Netter makes no secret of his influences. In the same World Printmakers interview he declares: "My favorite artists are Grosz, Dix, Cruikshank, Hogarth, Ungerer, Lautrec, Sylvain Chomet, Nicholas de Crecy and Daniel Clowes, to name a few. I am interested in artists who have been able to interweave their conceptual world with their visual world." Thanks to the powerful language of art, Netter's book shares the universal appeal of his illustrious mentors. It can be understood and appreciated by people of virtually all cultures regardless of language, including, of course, his fellow Americans.
Of all the bright young people in the United States who can draw, what set of special circumstances gave rise to Louis Netter's uniquely biting and courageous take on the American scene? I think the answer lies in his unconventional point of view, "unconventional" in that it's far removed from the standard American unconscious, uncritical, distracted-by-hedonism, under-the-bell-jar viewpoint. Netter's father worked abroad--our artist was born in Paris--and his mother is Irish. Louis spent most of the summers of his youth in County Donegal in the northwest of Ireland, with his aunts, uncles and cousins. The values and customs of rural Ireland in those days were far removed from those of the American way of life.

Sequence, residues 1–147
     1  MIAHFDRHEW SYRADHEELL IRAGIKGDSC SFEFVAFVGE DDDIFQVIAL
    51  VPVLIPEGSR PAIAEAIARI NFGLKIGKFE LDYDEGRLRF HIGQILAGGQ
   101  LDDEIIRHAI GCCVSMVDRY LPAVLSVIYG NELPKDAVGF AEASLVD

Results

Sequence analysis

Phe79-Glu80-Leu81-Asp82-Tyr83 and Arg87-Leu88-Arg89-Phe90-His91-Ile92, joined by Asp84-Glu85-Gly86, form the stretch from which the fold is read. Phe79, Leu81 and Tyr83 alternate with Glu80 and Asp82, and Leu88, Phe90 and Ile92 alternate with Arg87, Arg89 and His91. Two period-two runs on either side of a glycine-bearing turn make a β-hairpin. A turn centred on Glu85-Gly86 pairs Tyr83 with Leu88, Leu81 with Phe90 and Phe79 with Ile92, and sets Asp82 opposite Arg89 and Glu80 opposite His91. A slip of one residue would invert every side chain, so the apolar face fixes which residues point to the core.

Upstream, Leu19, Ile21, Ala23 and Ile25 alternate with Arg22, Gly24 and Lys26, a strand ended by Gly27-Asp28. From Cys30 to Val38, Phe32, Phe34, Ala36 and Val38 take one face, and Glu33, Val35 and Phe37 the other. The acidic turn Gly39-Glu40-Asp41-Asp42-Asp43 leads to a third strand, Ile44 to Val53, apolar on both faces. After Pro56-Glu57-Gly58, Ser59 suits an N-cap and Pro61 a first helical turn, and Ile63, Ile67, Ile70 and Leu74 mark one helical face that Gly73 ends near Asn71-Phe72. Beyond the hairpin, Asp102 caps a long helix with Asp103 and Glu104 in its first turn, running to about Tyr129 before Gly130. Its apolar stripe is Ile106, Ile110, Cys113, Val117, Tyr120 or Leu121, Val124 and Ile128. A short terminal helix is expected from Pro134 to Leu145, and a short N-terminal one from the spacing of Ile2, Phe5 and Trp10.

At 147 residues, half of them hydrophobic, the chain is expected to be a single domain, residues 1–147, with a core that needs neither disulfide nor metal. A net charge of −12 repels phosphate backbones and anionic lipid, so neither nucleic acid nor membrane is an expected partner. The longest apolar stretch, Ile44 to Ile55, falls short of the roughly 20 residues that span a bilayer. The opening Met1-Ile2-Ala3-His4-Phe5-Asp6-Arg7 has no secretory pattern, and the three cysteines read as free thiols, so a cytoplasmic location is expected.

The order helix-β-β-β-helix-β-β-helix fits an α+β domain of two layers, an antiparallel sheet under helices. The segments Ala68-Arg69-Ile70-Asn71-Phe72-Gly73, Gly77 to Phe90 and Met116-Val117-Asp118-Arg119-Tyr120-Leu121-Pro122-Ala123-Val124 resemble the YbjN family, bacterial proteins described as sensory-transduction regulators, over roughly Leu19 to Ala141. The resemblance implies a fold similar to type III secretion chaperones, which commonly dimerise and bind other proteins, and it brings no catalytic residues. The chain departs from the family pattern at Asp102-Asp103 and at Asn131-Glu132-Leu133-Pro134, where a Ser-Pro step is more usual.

Archimedes said, "Give me a place to stand and a lever long enough, and I will move the world." Louis Netter's "place to stand" is Donegal, and his lever is his prodigious talent for discerning and then drawing the absurdity and grotesqueness which surrround him--and by extension the rest of us--most of it merely tragicomic, but some of it actually evil. We are indebted to this young man from Yonkers not only for his talent and dedication, but for his honesty and audacity. Don't miss this book, nor those which will doubtless come after it. Netter is only 34 years old, a fresh value to discover now and cherish for years to come.
Netter's rage is barely contained within the etchings and pencil strokes that make up his art. While his subjects can be grotesqueries, there is no denying that the art itself is energized, vibrant, and compelling. The subjects really jump off the page, which is a trick, since one of the challenges of the medium is to create depth and energy. When you read this book, you are no passive observer; you are in up to your ears (and eyes).
I really can't say enough about the art in this glossy volume. Whether or not you agree with the artist's politics or convictions, the drawings and etchings are well worth the price of admission. Highly recommended to anyone interested in etching, portrait sketching and/or political illustration.